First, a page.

A friend recently asked me if I ever felt an overwhelming social pressure to get married and have kids.
My answer, “Not really.”
Sure, there’s pressure from a social norm standpoint, but I seldom let it get to me. However, recently I have felt a great deal of social pressure with my current life decision; to not go back to my corporate career and instead sell 90% of what I own to go make slightly over $15000 a year. I am truly going back to square one, the square I was in when I graduated from college.
Today there are an increasing number of women not getting married or having a family. But I don’t know many other people who have decided willingly to go from the making of an extremely comfortable lifestyle with a 6 figure salary to practically nothing. No home, and few possessions. Sure, when I used to have really terrible days at work I’d fantasize about giving it all up and living a simpler life – but deep down I didn’t think it would actually happen.
When I refer to social pressure, I’m not saying that people are specifically putting pressure on me telling me not to do it. In fact my friends and family have been very supportive through my struggles, indecision, and tears. The pressure is coming from myself and what I see around me. Ever since I graduated from college I have been on a quest; a quest to be ‘grown up’ and successful. A quest to own furniture that doesn’t come with assembly instructions.
I still remember the first piece of furniture I ever purchased; a couch from Sears.Then came a bed, some side tables, kitchen appliances, works of art, pottery, clothes, more clothes, handbags, and a shitload of shoes. Some how I moved from my apartment in Omaha, NE, which was furnished with furniture from garage sales and posters that I put in a plastic frames to a beautiful loft in Manhattan with real wood furniture and actual art on my walls. I had a real ‘grown-up’ life I purchased for myself.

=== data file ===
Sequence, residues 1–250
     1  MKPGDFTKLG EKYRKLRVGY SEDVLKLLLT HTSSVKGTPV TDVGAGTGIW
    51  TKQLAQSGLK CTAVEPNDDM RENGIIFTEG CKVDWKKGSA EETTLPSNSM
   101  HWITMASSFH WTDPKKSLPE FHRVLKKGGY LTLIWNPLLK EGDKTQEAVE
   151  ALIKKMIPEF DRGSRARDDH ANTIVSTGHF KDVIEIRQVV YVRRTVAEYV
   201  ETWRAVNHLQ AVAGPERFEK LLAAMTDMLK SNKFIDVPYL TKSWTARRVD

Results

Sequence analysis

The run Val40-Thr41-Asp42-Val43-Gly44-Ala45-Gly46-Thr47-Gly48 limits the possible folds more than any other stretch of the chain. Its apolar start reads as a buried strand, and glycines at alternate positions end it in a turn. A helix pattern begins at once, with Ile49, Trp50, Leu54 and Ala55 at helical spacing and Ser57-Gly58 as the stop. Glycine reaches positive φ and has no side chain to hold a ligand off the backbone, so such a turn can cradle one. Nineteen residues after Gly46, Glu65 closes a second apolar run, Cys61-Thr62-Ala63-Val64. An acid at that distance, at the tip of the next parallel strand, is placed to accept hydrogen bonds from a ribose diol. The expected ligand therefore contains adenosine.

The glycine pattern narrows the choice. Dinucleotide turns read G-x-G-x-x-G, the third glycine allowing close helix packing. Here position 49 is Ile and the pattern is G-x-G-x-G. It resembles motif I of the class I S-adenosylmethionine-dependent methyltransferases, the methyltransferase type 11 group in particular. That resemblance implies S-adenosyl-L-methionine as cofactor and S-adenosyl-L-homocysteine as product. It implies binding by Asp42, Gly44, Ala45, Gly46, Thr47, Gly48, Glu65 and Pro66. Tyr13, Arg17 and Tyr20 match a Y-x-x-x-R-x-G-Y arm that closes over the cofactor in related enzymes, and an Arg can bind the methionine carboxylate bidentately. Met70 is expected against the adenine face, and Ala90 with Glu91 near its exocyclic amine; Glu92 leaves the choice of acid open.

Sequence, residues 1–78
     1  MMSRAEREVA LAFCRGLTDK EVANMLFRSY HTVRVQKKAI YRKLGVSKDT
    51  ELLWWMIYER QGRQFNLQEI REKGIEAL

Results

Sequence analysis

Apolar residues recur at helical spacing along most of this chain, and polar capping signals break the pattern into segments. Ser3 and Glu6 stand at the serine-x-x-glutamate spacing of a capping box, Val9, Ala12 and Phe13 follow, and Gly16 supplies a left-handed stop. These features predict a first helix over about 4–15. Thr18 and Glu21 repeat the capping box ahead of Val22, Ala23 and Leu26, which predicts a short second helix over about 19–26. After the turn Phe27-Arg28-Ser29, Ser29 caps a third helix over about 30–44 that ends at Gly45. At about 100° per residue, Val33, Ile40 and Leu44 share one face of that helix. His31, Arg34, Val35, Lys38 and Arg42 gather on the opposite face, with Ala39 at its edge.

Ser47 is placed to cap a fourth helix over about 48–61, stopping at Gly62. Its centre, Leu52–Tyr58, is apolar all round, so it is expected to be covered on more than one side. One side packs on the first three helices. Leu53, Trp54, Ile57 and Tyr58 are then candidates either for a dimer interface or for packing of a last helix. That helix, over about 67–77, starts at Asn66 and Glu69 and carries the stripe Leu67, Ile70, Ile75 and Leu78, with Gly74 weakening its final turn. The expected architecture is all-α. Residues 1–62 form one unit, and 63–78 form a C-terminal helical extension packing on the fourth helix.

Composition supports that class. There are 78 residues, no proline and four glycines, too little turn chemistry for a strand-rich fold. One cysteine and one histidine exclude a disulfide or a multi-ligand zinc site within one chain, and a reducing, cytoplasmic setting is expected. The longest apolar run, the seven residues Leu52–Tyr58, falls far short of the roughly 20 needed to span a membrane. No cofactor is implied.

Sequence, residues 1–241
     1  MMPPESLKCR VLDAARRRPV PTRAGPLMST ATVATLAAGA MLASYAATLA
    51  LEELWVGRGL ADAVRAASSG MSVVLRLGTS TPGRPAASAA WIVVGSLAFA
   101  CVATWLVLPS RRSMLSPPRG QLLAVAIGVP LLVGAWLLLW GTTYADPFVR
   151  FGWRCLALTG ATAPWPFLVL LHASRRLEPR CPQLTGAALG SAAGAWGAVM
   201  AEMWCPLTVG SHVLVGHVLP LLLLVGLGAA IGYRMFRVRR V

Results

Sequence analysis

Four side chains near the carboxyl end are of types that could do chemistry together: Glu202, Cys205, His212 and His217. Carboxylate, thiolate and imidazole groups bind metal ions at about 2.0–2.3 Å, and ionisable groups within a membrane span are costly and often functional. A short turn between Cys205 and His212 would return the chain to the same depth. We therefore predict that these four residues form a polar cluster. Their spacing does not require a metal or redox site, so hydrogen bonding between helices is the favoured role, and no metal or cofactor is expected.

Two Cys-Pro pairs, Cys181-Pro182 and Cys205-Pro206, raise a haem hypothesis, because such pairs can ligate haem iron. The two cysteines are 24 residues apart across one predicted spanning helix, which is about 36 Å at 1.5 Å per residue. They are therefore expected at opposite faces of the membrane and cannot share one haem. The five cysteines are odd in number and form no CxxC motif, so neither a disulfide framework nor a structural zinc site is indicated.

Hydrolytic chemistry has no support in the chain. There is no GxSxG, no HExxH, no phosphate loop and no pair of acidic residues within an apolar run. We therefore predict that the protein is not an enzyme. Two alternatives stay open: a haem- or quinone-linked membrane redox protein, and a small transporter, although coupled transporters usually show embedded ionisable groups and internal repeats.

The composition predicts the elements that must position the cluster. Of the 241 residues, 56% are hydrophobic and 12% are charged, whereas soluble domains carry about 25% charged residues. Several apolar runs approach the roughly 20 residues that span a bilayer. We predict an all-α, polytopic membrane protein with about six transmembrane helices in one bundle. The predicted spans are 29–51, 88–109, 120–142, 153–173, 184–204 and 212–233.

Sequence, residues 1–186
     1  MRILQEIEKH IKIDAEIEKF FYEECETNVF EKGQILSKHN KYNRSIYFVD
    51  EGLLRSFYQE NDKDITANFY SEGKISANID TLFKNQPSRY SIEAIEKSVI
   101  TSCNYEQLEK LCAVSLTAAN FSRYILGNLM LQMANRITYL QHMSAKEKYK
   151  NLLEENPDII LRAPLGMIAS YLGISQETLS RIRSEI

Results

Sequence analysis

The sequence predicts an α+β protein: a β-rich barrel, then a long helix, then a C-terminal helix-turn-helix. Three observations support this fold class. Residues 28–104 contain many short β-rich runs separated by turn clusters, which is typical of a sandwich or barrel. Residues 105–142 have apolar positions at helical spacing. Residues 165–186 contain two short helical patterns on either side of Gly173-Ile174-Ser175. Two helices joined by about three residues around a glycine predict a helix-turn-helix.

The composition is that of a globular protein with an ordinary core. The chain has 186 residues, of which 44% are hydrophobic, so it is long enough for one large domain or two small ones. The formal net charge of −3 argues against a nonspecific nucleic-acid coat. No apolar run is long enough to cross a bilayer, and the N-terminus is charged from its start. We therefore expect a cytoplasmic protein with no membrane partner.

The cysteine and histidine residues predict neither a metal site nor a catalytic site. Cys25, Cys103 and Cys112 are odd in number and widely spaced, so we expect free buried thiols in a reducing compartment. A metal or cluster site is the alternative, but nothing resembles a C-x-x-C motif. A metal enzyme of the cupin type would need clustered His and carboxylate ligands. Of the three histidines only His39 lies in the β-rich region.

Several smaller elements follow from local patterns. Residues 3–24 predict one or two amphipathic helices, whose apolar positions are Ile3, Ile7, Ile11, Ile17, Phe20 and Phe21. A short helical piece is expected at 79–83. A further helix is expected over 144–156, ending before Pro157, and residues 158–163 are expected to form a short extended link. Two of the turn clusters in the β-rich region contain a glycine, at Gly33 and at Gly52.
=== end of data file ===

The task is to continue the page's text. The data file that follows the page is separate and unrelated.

Now I look around at all the stuff I have acquired through the years and realize that it’s really my enemy. It’s holding me hostage. But who at 38 yrs old in their right mind gives it all up?
I had to make this weighty decision while I was away from my stuff – it’s too hard to do while you are sitting on your perfectly good couch that you are deciding whether to give up or not. I’d like to say that my time back in NY since January has been fun and carefree – but it hasn’t. I’ve been weighted down with big decisions – what do I do next, how will I live, how do I avoid corporate America, where will I live, how will I make money to live? This constant bombardment of difficult questions that I submit myself to has been a slow torture. Coupled that with being in NY where you tend to bleed money – it has really sucked.
In order to not lose my mind I’ve had to make some decisions and my first step is to cut free of the shackles of my stuff and rent payments.
Selling my ‘stuff’ off to my family, friends, neighbors, and strangers creates a weird feeling. It’s certainly not a comfortable situation. As I hand over the items that I worked so hard to acquire I try to think of it as if I’m getting rid of a disease and now it’s someone else weighty shackles. They will have to house it for years and be tied down to it. By looking at it as buying my freedom, it doesn’t feel as pathetic.
As I look around my comfortable apartment, I wonder for a moment just how much my stuff defines me. It’s a fact that stuff doesn’t make you happy, so why not cut free? As I watch my things march out of my life I have to change my mindset. My stuff and my apartment doesn’t define me. Instead, it’s my writing and this blog that defines me. I don’t need stuff…I feel lighter already.